12:1 Now the Lord said to Abram, ‘Go forth from your country, And from your relatives And from your father’s house, To the land which I will show you; 12:2 And I will make you a great nation, And I will bless you, And make your name great; And so you shall be a blessing; 12:3 And I will bless those who bless you, And the one who curses you I will curse. And in you all the families of the earth will be blessed.’ 12:4 So Abram went forth as the Lord had spoken to him; and Lot went with him. Now Abram was seventy-five years old when he departed from Haran. 12:5 Abram took Sarai his wife and Lot his nephew, and all their possessions which they had accumulated, and the persons which they had acquired in Haran, and they set out for the land of Canaan; thus they came to the land of Canaan. 12:6 Abram passed through the land as far as the site of Shechem, to the oak of Moreh. Now the Canaanite was then in the land. 12:7 The Lord appeared to Abram and said, ‘To your descendants I will give this land.’ So he built an altar there to the Lord who had appeared to him. (NASB)
Here we see how God had called Abram from the land of his people. It is interesting how the text states in Bereshit / Genesis 12:1, וַיֹּאמֶר יְהוָֹה אֶל-אַבְרָם לֶךְ-לְךָ מֵאַרְצְךָ וּמִמּוֹלַדְתְּךָ וּמִבֵּית אָבִיךָ אֶל-הָאָרֶץ אֲשֶׁר אַרְאֶךּ the way the sentence is written, it says that the Lord said unto Abram to go from your land (מֵאַרְצְךָ), and then also sates, from the land of your birth (וּמִמּוֹלַדְתְּךָ), and then goes even further to say, from the house of your father (וּמִבֵּית אָבִיךָ). Why do you think the Lord needed to add these additional things to his statement (לֶךְ-לְךָ מֵאַרְצְךָ)? Surely one would think that leaving one’s country meant that he would also be leaving his fathers house and the place of his birth, right? The commentary Or HaChaim on Bereshit / Genesis 12:1-4 states that it would have been painful to leave one’s family. This shows the measure of faith that Abram had in pickup up all that he owned and moving. If we look closely, there is this description in the Hebrew text of the increasing difficulty of complying with God’s command as we grow in our relationship with him, illustrated when the Lord God told Abraham to take “your son, your only one, the one you love,” as an introduction to the עֲקֵידַת יִצְחַק (Akedat Yitzhkak) in Bereshit / Genesis 21:2. These things beg the question of who are we listening to in our lives?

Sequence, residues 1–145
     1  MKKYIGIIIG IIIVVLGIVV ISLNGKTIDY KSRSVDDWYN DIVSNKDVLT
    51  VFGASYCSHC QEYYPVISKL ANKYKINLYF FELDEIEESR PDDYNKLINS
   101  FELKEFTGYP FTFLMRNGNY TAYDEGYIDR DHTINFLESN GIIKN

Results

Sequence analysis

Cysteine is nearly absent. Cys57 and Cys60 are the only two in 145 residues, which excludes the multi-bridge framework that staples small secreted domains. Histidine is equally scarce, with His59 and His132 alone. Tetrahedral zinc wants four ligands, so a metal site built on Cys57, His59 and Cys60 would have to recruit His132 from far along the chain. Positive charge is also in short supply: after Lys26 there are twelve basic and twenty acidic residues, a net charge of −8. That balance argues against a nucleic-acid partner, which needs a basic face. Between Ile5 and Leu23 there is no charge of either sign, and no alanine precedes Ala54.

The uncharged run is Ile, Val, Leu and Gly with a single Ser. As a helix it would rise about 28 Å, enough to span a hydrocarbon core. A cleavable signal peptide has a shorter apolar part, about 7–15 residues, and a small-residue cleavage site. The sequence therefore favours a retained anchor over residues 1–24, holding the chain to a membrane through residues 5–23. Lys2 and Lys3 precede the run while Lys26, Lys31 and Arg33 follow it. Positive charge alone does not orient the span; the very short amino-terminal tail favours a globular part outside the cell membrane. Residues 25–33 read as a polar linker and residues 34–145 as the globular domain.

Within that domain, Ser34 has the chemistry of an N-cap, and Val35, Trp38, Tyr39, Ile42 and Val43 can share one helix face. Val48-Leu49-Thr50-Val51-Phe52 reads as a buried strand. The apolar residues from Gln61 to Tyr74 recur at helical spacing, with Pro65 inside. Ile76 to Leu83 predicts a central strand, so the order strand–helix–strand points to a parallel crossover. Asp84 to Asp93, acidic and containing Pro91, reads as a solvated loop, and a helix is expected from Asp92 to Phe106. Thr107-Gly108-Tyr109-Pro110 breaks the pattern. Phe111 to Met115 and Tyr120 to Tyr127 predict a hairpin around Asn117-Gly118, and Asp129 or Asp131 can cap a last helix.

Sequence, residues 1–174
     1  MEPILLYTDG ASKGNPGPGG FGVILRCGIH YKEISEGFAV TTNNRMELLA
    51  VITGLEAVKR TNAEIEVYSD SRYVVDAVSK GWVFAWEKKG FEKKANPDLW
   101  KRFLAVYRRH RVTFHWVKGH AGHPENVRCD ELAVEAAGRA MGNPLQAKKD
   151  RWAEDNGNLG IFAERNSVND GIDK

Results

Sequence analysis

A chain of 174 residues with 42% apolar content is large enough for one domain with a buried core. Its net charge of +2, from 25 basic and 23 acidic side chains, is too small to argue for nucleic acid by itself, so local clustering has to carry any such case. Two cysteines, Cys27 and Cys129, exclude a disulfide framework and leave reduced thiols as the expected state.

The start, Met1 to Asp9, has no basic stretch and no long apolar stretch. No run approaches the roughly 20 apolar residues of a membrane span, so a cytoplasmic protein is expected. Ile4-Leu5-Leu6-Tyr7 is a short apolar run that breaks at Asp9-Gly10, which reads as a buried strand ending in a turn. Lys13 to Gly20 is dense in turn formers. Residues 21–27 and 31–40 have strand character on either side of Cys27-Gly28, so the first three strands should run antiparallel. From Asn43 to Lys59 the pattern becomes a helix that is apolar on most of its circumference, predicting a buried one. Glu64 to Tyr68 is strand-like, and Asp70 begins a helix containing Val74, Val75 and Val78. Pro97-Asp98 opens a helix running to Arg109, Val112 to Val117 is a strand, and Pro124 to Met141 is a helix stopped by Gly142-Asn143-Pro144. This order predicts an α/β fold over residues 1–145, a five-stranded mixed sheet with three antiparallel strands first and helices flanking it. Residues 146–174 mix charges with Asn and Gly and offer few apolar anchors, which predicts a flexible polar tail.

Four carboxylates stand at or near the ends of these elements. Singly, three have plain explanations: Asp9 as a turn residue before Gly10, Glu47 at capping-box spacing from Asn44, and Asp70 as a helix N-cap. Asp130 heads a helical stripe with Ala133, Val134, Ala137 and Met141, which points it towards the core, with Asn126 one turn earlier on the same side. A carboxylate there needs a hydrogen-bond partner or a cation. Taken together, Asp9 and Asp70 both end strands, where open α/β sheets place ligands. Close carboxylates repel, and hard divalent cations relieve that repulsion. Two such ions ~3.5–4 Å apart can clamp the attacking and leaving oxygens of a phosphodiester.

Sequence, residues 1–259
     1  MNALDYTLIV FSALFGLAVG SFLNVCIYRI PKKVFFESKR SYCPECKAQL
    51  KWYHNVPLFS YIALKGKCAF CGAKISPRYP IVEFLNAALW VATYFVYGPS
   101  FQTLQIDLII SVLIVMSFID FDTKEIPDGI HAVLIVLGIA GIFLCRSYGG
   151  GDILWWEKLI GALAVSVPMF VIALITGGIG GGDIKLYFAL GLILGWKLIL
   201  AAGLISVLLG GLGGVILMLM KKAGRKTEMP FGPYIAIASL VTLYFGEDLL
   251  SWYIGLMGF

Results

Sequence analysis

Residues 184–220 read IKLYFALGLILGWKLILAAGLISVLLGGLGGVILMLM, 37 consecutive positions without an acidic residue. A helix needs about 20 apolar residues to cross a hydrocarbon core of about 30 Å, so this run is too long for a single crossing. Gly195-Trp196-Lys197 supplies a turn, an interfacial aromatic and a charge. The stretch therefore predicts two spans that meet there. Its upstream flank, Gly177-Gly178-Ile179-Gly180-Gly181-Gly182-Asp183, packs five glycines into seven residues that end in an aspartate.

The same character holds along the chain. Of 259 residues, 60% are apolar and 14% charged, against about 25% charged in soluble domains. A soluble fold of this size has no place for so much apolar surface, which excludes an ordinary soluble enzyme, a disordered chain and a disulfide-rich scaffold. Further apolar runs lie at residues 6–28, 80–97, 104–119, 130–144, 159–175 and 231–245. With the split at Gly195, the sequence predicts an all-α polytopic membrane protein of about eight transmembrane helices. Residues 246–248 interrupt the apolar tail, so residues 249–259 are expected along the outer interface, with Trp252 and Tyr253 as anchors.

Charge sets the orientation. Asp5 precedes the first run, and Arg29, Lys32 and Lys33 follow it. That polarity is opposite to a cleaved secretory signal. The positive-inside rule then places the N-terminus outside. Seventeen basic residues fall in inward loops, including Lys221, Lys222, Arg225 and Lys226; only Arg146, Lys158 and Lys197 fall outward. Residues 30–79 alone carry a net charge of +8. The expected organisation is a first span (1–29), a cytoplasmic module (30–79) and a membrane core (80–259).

Midrash Rabbah states that the ear (אזן) gives life to all the organs of the body. How is this possible? Paul explains the Shema (שמע, listen) in the Torah to be very significance when he said “Faith comes by listening to the Word of God.” (Romans 10:17) This means that the Word of God (דבר האלוהים) is our life. This draws us back to this concept of who do we listen to? Do we listen to liberal ideologies? Listening to other voices (regardless of how well intended) means that we cut ourselves off from the source of life itself. This is why listening and obeying are linked because what we listen to, and what we entertain in our minds, such as the corrupted messages of this world, can eventually make us an enemy of God Himself!